Electricity pricing is complex and confusing the way it is done today. Investor-owned utilities (IOUs) typically have many ways of charging customers. Pacific Gas and Electric in California has over seventy electric service tariffs in their tariff book.
A “full-requirements tariff” with increasing block prices for monthly energy, combined with time-of-use (TOU) and fixed-monthly charges, is very difficult for a customer to understand. A time-of-use tariff, combined with a demand charge and a fixed charge, is difficult for a customer to work with. In some situations, usage in a 15-minute interval may increase a customer’s bill for the entire month or year. Dynamic pricing information, event-based demand response, and net metering are often layered on top of other tariffs.
Pricing will not get any simpler if we follow the current business model. It will get more complex as regulators try to jigger distributed generation, storage, and customer owned solar into the current clumsy system.
“The Transactive Energy (TE) business model eliminates the need for these complex tariffs. They are replaced by a single enabling tariff agreement that applies to all transactions between any two parties, such as the utility and its customer or between the two parties.
The Transactive Energy rules are simple and straightforward:
1) There are two products: energy and transport.
2) Forward transactions are used to coordinate investment decisions and to manage risk.
3) Spot transactions are used to coordinate operating decisions.
4) All parties act autonomously.
The simple enabling TE tariff agreement does not specify prices or amount of energy to be bought or sold. It is simply a commercial agreement that says for each transaction they may execute under the agreement the seller will deliver the transacted product at the agreed location and time period. The buyer agrees to take delivery and to pay the seller the agreed cost of the transaction. The enabling agreement/tariff has payment and credit and default provisions.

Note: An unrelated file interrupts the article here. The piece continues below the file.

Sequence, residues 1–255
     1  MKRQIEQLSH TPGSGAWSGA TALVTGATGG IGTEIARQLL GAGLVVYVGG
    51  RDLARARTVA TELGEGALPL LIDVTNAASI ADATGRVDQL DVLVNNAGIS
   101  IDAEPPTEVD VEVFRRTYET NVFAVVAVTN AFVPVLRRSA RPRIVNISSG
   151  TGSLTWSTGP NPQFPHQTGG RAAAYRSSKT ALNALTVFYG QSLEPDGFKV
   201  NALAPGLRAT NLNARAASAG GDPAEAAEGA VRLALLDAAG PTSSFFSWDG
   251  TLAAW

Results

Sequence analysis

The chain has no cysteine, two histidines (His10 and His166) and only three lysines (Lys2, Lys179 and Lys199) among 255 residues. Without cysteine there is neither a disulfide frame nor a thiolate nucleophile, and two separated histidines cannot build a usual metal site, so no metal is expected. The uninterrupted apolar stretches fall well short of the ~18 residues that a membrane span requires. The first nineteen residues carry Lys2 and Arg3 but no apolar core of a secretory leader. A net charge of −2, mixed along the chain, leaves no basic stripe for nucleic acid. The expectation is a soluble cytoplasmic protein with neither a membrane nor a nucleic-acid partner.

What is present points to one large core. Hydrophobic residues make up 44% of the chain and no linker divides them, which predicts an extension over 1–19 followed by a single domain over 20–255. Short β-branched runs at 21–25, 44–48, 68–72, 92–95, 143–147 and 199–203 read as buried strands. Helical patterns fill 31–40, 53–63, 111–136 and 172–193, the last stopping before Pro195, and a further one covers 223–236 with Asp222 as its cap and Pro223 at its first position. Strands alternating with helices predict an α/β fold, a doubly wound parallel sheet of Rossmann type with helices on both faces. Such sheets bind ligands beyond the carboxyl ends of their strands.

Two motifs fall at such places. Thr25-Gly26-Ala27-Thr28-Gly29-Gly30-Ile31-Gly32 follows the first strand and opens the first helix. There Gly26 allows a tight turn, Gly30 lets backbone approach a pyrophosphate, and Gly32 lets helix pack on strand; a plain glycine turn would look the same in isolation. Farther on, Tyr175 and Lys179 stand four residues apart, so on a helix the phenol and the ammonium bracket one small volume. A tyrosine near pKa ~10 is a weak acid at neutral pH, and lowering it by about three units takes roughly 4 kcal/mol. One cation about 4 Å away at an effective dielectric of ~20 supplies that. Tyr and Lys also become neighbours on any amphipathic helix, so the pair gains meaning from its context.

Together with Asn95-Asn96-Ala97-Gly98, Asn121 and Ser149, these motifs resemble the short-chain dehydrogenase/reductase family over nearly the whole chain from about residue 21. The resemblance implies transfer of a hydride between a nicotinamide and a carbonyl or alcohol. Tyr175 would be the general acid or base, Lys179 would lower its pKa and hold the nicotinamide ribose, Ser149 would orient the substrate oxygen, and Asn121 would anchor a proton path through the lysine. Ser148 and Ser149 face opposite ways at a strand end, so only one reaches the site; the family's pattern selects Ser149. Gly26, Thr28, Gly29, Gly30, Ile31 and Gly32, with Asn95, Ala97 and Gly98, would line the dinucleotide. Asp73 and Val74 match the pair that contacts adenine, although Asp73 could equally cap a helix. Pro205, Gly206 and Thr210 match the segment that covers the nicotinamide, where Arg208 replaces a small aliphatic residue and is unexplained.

Everyone plays by the same clear rules with TE. If you want energy then you accept the tender of a seller or you make tenders for your needs that may be accepted by a seller. If you are producing energy then you offer tenders to sell. You set the price and quantity or you accept a tender of a buyer. If things do not work out the way you expected, then you make adjustments according to the same simple rules. There are intermediaries affiliated with the TE Platforms to help you.
Most of the minute-to-minute decisions will be made by automated agents acting on your behalf. The agents will be embedded in your home, your appliances, your car, and your office building. No need to wade through tariff books and say yes to something you don’t understand. You tell your energy management system (EMS) what you want and go about your life confident that your agent is doing smart things on your behalf. It is “set and forget.”
The TE model is somewhat like buying baseball tickets using StubHub. You tell StubHub what you want and what you are willing to pay and it uses a sophisticated algorithm to sort through all the options to come up with the best deals for you. It happens at the speed of light.
Data on Tenders and Transactions
The TE Platform database will hold information on all transactions in the system. Regulators will be able to use this data to ensure that rules are being followed and there are no economic abuses. With strict protection of private information, economists can access the data to study the efficiency and stability of the system. The database will be a tremendous resource for researchers.
Everyone will use a common protocol so anybody can transact with anybody else at prices and in amounts both parties know ahead of time and agree to. (For more about TE protocols see Chapter 3 of our book, Transactive Energy: A Sustainable Business and Regulatory Model for Electricity.)
Transparency is fundamental to how decisions are made. It is a key ingredient of trust. Customers and producers may not want to get involved directly, but they do want to be confident that decisions are open and that rules and process are being followed.
The TE model offers the possibility of a highly transparent system at three levels. The first level of transparency is its simplicity. The TE model is simpler and far more adaptable than our current tariff systems. The second level of transparency is the availability of data on all transactions by producer and consumer. A third level of transparency will be the use of a common protocol for payments among the parties.”
For more about the TE business model see the book, Transactive Energy: A Sustainable Business and Regulatory Model for Electricity.
The book is available for the iPad or Mac on iTunes.
It is available for the Kindle and PC on Amazon.
To follow industry developments in TE visit the Transactive Energy Association group on LinkedIn.
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